Whene’er a noble deed is wrought,
Whene’er is spoken a noble thought,
Our hearts, in glad surprise,
To higher levels rise.
The longer I stayed in institutional education (particularly grad school), the more insecure I became. I learned that, contrary to my natural inclinations, beautiful things like spirituality, virtue, and passion were decidedly not intelligent. The Smarties deconstructed things, they situated texts and criticized any poem, essay, or novel they could get their hands on. If you are a poem about faith, hope, or love, stay out of the way of a literature student’s proud grasp. God might say that those three things have divine eternal power, but a Master’s student will belittle them in a five paragraph tirade banged out on an old laptop the night before class. Classics were usually addressed with pitiful sneers, while edgy counter-cultural books about smut and despair were touted as superior literature. At some point in grad school, I developed a suprisingly heavy cloak of shame for my obviously naive tendency to enjoy a story for its own sake or to make personal connections with poetry before criticizing it. I never got invited into the Smarties Club because I always let something about God, feelings, beauty or morality slip out. Shoot.
Once, I had the nerve to purport that Romeo and Juliet is really about love – messy, petulant, imperfect human love. (Note: One should never ever ever purport such a predictable and naive thing in graduate school. Never ever. But I did.) The entire class looked at me patronizingly, encouraging me to become an elementary school teacher or a university chaplain – the two cozy spots where they relegate idealistic folks like me. For three hours, my classmates bantered about the political, ethnic, and psychoanalytical readings of R&J. I slunk down in my chair and wondered what I had missed during my reading. At the end of the discussion, the humble professor (perhaps humbled by grad school as well), said that he agreed with me: Romeo and Juliet is primariy about human love in all of its deep and shallow undulations. At the time, his support was sweet, but not powerful enough to salvage my confidence from the day-in, day-out deconstructive Smartie Club.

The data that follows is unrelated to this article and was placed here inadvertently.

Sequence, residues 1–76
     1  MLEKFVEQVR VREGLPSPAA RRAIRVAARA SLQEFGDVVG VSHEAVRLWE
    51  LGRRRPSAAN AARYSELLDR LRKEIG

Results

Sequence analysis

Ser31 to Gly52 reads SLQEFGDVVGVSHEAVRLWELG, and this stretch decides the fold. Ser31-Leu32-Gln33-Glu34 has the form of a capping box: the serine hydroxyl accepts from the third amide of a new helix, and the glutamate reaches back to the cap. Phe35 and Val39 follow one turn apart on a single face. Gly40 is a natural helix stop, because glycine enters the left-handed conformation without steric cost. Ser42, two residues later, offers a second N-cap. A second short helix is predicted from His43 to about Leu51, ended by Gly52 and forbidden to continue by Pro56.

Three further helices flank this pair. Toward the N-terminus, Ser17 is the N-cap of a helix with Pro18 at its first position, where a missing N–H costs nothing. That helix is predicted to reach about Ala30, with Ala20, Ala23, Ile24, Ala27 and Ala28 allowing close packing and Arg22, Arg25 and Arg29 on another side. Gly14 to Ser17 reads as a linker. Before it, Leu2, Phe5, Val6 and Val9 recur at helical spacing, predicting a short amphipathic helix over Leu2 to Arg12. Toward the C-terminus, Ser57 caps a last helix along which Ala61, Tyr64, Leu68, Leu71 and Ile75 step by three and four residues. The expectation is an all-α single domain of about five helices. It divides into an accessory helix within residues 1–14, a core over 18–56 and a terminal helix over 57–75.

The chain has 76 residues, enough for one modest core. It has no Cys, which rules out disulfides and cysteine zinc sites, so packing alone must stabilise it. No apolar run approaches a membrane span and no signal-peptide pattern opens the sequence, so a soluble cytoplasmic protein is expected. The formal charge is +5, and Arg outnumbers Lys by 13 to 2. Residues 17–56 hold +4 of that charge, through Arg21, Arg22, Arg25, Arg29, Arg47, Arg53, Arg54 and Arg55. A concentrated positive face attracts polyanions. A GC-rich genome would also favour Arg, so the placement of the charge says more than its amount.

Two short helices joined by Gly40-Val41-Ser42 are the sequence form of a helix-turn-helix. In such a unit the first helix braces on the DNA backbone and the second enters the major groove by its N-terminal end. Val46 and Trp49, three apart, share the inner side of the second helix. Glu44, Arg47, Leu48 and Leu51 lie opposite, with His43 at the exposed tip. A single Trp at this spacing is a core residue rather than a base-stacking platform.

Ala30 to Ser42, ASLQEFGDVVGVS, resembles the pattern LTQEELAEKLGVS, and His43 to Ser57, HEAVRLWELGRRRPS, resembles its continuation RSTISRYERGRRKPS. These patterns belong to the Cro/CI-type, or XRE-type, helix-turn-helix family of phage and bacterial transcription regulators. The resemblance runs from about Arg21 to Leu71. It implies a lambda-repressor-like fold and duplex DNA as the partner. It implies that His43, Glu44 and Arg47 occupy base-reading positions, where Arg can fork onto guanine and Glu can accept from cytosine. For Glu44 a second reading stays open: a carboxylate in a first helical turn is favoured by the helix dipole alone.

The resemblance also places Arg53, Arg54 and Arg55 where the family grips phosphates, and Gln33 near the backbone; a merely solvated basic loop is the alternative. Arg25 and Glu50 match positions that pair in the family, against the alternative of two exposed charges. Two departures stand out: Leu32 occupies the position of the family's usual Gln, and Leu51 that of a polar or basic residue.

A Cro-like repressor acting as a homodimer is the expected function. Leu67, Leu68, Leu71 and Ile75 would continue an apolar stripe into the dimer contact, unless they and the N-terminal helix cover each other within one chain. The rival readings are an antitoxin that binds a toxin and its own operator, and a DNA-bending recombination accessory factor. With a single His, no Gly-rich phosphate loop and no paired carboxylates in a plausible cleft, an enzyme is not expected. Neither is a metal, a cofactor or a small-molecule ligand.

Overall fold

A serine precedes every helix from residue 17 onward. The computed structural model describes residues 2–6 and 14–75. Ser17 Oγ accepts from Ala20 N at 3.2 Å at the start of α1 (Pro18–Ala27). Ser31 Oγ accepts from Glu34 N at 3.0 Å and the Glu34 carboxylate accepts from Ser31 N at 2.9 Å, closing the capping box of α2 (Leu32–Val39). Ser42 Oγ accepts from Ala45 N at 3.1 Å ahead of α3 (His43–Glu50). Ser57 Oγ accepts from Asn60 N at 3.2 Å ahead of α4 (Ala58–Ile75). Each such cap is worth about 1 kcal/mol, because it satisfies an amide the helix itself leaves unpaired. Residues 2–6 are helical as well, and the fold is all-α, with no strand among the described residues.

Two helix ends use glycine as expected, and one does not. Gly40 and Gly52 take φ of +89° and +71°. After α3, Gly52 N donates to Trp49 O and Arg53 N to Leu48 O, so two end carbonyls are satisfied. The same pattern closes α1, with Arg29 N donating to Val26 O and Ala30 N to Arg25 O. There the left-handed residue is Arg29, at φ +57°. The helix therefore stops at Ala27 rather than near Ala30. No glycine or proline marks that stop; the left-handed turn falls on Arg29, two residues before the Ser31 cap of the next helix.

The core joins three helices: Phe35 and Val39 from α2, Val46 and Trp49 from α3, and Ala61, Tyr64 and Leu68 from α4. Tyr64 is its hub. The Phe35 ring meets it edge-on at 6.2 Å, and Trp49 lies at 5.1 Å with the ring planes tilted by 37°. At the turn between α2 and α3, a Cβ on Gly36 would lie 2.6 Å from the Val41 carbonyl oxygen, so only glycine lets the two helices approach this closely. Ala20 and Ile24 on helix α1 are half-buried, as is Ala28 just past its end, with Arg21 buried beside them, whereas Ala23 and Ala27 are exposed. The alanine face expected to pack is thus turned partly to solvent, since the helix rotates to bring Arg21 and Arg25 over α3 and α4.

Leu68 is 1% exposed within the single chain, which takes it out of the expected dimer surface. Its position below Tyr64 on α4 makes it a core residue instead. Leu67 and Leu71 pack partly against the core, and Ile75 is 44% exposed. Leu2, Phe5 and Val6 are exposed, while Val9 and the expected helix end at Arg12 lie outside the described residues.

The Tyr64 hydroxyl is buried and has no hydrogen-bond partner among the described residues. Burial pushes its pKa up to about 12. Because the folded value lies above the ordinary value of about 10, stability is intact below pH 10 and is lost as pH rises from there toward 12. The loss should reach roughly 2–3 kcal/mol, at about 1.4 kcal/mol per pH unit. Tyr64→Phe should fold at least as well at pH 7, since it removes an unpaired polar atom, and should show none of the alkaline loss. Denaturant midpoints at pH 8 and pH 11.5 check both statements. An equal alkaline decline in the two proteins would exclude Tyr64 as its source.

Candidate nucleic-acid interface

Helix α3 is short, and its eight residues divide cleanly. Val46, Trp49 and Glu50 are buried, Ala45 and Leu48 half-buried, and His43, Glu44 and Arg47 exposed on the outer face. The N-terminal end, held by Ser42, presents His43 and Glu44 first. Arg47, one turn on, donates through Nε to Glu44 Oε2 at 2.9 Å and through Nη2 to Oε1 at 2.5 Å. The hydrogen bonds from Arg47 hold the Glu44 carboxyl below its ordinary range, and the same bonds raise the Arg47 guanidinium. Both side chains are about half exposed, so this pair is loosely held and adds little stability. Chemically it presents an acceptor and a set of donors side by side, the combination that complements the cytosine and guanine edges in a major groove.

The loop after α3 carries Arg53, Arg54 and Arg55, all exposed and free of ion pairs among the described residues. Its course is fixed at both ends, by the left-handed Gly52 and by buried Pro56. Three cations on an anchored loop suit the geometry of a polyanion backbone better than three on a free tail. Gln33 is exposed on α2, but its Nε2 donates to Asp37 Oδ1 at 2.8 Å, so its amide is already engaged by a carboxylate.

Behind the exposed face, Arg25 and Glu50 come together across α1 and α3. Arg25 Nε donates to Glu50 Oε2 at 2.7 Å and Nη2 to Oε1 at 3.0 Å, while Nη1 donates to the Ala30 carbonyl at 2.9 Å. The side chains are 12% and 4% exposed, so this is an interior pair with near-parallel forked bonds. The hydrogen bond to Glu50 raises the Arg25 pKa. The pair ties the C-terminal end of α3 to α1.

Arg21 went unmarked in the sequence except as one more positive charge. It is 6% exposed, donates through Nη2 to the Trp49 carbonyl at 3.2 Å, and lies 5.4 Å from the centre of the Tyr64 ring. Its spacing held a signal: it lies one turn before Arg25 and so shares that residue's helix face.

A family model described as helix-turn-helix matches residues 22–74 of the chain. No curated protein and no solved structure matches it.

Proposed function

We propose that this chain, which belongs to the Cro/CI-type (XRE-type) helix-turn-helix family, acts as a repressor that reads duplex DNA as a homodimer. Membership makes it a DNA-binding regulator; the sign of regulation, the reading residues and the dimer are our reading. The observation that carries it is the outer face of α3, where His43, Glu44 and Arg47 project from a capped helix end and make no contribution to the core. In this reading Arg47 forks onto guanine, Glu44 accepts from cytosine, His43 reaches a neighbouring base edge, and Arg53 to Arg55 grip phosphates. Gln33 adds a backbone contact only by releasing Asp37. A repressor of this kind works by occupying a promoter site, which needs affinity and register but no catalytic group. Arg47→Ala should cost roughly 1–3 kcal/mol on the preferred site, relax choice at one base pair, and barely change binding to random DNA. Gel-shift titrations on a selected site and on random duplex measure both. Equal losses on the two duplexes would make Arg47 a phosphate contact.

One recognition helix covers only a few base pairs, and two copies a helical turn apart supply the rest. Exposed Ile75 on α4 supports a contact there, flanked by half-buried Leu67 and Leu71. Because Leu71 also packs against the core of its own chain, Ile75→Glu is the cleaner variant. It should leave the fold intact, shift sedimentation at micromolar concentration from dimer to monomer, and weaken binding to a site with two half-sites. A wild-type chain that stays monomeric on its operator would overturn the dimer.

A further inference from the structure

Since grad school, I’ve continually had to address that bugger of a question: “Am I smart enough?”
A worthless unanswerable irrelevant question, really. But pesky… and persistently demoralizing.
You can imagine my relief to have graduated. Now the University is just a nice place to hear a concert or pick up an ice-cream cone every now and then.
You might also imagine my relief to discover – within a library of home-education resources – a world of people who are quite intelligent, and quite humble, and quite admiring of spirituality, virtue, and passion. Charlotte Mason, Karen Andreola, Gladys Hunt, and Susan Shaeffer Macaulay write about how we can live nobly and richly without selling our souls to intellectualism. I needed their confident voices to remind me that our very smartest moments are to be spent on beauty and are to be shared with children and other people who are humble enough to converse with us there.
These women have revived my spirits by writing that there is nothing more worthy of our pursuit than virtue,
nothing more worthy of our vision than beauty,
nothing more worthy of our hearts than love,
and nothing more worthy of our intellects than Truth.
They wrote over the pesky question with far more honorable questions like, “Whom did I love today?” “Whom did I serve?” and “What did I notice about God’s artistry today?”
They remind me of poems like this one by Emily Dickinson:
How refreshing to be in the midst of this affirming company who are fierce and smart guardians of hearts.
Even if you aren’t considering homeschooling, you might enjoy:
A Charlotte Mason Companion – Andreola
Honey for a Child’s Heart – Hunt
For the Children’s Sake – Shaeffer Macaulay